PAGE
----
“The big thing for me with Jolanta, I don’t know her whole background, but what has struck me since she’s been here is really her focus on delivering what the customer wants,” said Jamie Groves, Bronco Vehicle Engineering. director, told the Free Press. “It might seem really obvious, this is what the chief engineers of the program should be doing. But so often this job is the hardest job in the company… What Jolanta needs to do is balance not only what the customer wants, but what the company wants and needs She is responsible for the profitability of the program, its complexity, its manufacturability and ultimately how we sell it to the customer . »

never a question

The chief engineer is also responsible for the design and trade-offs between the commercial side and its appearance and performance, said Groves, who works hand-in-hand with Coffey.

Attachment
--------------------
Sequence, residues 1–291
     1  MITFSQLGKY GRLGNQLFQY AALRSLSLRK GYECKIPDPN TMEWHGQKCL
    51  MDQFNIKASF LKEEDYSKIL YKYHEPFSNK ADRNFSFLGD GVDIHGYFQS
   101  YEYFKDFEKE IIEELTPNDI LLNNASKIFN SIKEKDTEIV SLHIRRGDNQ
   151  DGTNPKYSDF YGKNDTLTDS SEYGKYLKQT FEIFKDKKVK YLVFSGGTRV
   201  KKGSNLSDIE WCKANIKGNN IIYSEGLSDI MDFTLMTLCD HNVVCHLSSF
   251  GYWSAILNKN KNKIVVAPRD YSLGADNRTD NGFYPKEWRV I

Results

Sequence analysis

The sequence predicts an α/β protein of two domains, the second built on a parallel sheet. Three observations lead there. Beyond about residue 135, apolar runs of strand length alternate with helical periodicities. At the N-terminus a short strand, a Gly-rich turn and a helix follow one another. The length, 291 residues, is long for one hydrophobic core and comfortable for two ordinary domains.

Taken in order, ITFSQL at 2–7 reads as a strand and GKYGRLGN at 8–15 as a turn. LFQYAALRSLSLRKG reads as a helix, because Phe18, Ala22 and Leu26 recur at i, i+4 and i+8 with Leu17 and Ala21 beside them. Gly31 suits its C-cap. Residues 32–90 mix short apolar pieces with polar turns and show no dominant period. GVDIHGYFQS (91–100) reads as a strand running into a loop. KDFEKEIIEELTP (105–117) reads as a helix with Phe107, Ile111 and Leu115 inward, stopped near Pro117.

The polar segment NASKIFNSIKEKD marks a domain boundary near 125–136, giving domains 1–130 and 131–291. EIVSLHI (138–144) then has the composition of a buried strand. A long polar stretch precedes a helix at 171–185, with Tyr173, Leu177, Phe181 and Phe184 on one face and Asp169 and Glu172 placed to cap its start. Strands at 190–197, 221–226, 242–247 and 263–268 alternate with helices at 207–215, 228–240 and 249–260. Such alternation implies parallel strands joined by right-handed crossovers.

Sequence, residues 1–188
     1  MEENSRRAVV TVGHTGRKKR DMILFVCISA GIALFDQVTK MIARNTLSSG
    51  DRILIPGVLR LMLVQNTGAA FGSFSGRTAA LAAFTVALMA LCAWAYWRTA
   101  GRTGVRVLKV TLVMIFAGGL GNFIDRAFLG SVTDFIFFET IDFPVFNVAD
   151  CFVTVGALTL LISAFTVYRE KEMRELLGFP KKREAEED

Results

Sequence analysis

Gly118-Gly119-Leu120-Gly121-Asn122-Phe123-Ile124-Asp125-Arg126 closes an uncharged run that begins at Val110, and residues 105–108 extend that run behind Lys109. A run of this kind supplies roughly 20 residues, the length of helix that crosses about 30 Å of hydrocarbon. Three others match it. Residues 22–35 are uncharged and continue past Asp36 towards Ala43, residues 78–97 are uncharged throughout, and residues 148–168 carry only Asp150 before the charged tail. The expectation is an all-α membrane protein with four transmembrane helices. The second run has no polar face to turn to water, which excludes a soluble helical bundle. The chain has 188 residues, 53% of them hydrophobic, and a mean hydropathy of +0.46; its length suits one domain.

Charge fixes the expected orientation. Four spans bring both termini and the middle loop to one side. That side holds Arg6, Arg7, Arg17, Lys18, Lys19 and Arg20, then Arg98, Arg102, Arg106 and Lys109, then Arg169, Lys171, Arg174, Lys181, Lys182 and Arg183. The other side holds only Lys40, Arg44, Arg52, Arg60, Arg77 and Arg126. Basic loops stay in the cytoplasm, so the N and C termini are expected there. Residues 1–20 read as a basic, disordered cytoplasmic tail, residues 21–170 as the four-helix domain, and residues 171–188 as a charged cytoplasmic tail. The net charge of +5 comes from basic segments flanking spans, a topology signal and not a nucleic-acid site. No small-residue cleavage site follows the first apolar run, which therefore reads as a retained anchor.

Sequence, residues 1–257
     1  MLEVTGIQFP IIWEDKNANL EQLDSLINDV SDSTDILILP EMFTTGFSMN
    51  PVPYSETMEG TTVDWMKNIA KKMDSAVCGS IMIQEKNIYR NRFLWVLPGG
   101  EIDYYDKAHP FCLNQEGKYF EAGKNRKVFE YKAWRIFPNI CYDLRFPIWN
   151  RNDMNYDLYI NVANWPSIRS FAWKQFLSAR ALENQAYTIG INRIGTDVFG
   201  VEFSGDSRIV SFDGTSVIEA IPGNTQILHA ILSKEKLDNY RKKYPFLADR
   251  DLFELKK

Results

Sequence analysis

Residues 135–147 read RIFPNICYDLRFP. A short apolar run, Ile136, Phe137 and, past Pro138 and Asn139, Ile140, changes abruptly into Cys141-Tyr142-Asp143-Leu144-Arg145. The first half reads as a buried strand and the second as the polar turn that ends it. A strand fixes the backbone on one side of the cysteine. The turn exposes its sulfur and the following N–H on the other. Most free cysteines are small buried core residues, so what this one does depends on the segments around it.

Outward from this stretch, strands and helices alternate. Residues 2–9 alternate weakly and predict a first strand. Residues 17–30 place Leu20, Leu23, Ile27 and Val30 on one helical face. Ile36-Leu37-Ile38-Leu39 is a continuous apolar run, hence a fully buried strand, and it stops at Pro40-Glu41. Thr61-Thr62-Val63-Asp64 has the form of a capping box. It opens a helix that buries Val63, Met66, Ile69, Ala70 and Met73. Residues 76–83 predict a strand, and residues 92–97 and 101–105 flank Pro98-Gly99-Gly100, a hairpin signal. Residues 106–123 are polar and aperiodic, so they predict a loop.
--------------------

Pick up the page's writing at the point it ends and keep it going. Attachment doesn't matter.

“So she owns it all,” he said. “A lot of times you get into tough discussions about how much money we’re going to spend on certain performance aspects of a product. I never felt with Jolanta that we were on opposite sides of So if I say I need X or Y to support the Bronco’s great off-road performance, it’s never a question of “Well, I don’t think we can afford to do that .” It’s just, ‘OK, how are we going to do this?’ Which makes my job a lot easier and a lot more fun.”

Coffey has come a long way from Waksmund, a village of a few thousand people about an hour south of Krakow.

“I grew up in the western part of Detroit, very close to Dearborn,” she said. “Ford was a huge presence. That’s why I wanted to work at Ford.”

Her classmates considered her culture and language foreign. Mathematics allowed Coffey to connect because it was an area in which she could demonstrate her knowledge.